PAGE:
Kate Walker here, keeping the light on Robbins Reef.
I know I’m isolated here, but I have all the activity of New York Harbor around me to keep me from being bored. I can’t help but wonder how keepers at really isolated stations kept their sanity.
Standing on an isolated ledge near the entrance to Boston harbor, Minot’s Ledge Lighthouse sits all alone surrounded by water, two-and-a-half miles from shore. All building materials, supplies, and fresh water were transferred from the mainland by boat.
Do you see the boat hanging in its davits? The keepers used the boat to go ashore. The only other contact they had was with the lighthouse tender, which came every few months to leave fresh water and supplies. What would it have been like to transport water and supplies up that ladder? Could it have been done in rough weather? When the weather was bad, would the tender have delayed its call?
There was debate as to how many keepers were needed on Minot’s Ledge.
Captain Barton S. Alexander, Corps of Engineers, wrote to the Engineer Secretary of the U.S. Light House Board on September 25, 1860:
“. . . I have arrived at the conclusion that four Keepers is the smallest number that ought to undertake to keep this light. . .. Minot’s Ledge is situated on a lonely rock in a very exposed situation. So exposed, in fact, that it is sometimes impossible for the best boatmen with the best boats to land there for a month at a time. . . . in all cases when it may be necessary to communicate with the shore, whether from sickness, or accident to the lantern, lens, or lamps, scarcity of oil, fuel, water, provisions, or any oversight whatever, the communication cannot be made with safety unless [four keepers] are present at the light.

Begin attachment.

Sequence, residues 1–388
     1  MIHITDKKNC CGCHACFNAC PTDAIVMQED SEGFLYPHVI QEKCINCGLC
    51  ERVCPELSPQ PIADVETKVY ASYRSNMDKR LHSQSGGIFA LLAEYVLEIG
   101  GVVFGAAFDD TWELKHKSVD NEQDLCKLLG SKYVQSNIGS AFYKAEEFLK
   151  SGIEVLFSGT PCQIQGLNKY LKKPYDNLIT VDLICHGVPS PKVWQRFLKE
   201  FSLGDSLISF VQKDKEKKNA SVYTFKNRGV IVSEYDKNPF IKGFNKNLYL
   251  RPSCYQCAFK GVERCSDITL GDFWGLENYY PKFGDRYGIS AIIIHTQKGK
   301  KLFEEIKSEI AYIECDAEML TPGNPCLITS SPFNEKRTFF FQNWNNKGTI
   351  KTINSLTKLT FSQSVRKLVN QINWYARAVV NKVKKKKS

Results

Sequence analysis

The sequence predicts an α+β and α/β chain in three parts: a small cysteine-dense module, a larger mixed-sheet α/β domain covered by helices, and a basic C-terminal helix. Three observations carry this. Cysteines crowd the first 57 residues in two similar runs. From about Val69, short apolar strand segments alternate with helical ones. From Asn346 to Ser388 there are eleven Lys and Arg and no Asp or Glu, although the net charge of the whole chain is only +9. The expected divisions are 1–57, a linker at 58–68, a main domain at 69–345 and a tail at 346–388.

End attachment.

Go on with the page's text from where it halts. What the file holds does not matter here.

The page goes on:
Four male keepers lived in the tower, taking alternate leave to be with their families in houses built for them on the mainland. How do you suppose they amused themselves when they were not monitoring the light? Radio and TV were not invented until the 20th century. Telephones were not available until the close of the 19th century. Monopoly and Scrabble not yet invented. Do you imagine that they got tired of each other’s company? They probably played card games (including poker), checkers, and chess. They may have brought newspapers and books from the mainland.
Kate Moore carved duck decoys. Fannie Salter did crossword puzzles. Jigsaw puzzles were invented in 1767. Putting ships in bottles was popular, as were collections of stamps and postcards. Some keepers played
Information is from National Archives Record
Group 26 Entry 24